Senate inquiry said don’t treat First Nations deaths as a tick in a box

During the Wednesday afternoon session of a Senate inquiry into missing and murdered First Nations women and children, witnesses from the Department of Social Services (DSS) and the Aboriginal and Straits Islander Advisory Council Torres appeared.

A question posed to the DSS by Senator Nita Green was what would be different in the new National Plan to End Violence Against Women and Children 2022-2032, Greta Doherty, DSS Women’s Safety Group Lead , said the government was not starting from scratch.

“The plan benefits from the last 12 years of experience we’ve had with the current national plan, the 2010-2022 plan, which has put a lot of effort into building the evidence base,” Doherty said.

“I think we are strengthening our understanding of both the drivers of violence and the impacts of violence in society, both at the individual, social and community level. I recognize that there are still significant gaps.

Doherty added that the launch of the new national plan is expected to take place in October 2022.

Regarding data collection, a question discussed throughout the dayProfessor Muriel Bamblett of the Aboriginal and Torres Strait Islander Advisory Council said data collection had improved.

Bamblett added that the survey should ensure it also focuses on children, not just women.

“When you see 12, 13, 14 year olds on the street, I think if we don’t see them in this survey and we have a response for the kids, then I think we’ve missed a really big opportunity, said the professor.

“But are we capturing this data? Are we capturing the right data? Is it a matter of jurisdiction, not just a Commonwealth? And how can courts actually report disappearances and murders? »

Bamblett went on to describe how she had seen Aboriginal and Torres Strait Islander women lose their lives to domestic violence, without being referred as they should have been to Aboriginal organizations.

“There’s no accountability when people fail our people,” Bamblett said.

“The loss of life for us, we take it seriously. But sometimes the systems don’t see it as — it’s just another “check the box”, another Indigenous person has died.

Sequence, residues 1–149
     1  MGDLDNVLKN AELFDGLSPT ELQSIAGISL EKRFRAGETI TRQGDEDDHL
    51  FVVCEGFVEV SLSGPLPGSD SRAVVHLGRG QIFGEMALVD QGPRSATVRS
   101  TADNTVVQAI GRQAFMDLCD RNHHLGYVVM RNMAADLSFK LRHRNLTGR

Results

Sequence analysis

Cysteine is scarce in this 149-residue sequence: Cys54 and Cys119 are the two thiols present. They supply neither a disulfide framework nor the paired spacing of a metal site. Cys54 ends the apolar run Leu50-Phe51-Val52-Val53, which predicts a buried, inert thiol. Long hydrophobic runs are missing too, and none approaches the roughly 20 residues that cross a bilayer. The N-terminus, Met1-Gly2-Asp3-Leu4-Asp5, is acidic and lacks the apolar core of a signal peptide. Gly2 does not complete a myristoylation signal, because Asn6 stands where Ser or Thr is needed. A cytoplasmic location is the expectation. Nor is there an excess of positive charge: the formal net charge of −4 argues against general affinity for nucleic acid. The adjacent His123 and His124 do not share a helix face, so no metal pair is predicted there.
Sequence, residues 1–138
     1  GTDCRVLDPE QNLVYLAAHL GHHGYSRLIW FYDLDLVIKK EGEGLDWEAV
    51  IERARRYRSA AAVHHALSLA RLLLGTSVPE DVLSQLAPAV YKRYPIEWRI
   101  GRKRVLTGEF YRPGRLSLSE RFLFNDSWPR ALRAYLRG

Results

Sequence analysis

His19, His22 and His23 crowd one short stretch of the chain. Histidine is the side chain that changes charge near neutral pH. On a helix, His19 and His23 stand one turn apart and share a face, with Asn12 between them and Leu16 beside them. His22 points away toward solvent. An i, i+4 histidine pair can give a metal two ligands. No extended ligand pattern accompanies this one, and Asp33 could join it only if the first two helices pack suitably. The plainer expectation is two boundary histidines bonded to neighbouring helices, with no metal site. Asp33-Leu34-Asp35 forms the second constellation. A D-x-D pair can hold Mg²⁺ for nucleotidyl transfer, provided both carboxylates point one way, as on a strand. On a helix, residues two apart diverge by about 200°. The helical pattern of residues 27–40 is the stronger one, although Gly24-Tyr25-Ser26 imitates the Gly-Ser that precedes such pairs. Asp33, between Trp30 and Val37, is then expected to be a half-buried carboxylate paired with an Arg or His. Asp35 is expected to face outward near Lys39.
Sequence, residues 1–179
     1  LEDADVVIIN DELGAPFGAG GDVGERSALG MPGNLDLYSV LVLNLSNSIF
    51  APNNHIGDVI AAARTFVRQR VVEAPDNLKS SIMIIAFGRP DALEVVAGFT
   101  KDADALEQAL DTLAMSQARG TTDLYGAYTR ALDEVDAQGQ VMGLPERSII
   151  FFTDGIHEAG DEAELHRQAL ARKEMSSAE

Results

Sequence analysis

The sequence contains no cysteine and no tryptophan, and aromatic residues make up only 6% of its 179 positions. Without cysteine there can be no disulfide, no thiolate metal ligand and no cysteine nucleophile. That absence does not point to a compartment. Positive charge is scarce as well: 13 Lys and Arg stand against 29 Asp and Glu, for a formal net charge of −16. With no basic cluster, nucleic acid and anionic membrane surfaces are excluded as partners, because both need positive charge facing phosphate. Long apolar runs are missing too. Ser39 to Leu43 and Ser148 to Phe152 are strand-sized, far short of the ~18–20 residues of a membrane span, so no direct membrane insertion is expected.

“I think we need to build in more accountability for [the] general public when our people are murdered.

Responding to Bamblett’s comments, Doherty added that Australia’s national child protection framework was underway, including a specific action plan for Aboriginal and Torres Strait Islander children.

“Community Services Ministers, which is the cabinet group responsible for Australia’s child protection framework, agreed that there obviously needs to be a strong focus on First Nations children in policy responses,” Doherty said.

Bamblett said she has had to fight for Indigenous children’s culture on occasion.

“The main challenge we have is that we have so many children who cannot find their Aboriginal family because their adoption records are sealed,” the professor said.

“We have a large number of native children who were purchased from other states and territories or as part of a vacation, so their grandparents or great-grandparents were born here. And many churches have destroyed their archives.

Doherty acknowledged that an intersectional approach to violence was something the department was mindful of, particularly in developing the next national plan.

“With the voices of victim survivors whom we had the privilege of listening to throughout the consultation process, it became very clear that responses to violence must take into account all the circumstances in which a person finds themselves. , looking at poverty, looking at issues like alcohol and other drugs,” the official said.

“A person-centred approach is really the goal, the ambition, I think of all the work we do.”

The group leader added that as the national plan was still in draft form, she was unable to provide further comments as it was being finalized.

On the issue of genocide posed by Thorpe, Doherty added that the draft plan takes into account the UN Convention on the Elimination of Discrimination against Women as well as other treaties to which Australia is a party. .

Doherty said some measures related to investing in family safety are being considered as part of the budget process.


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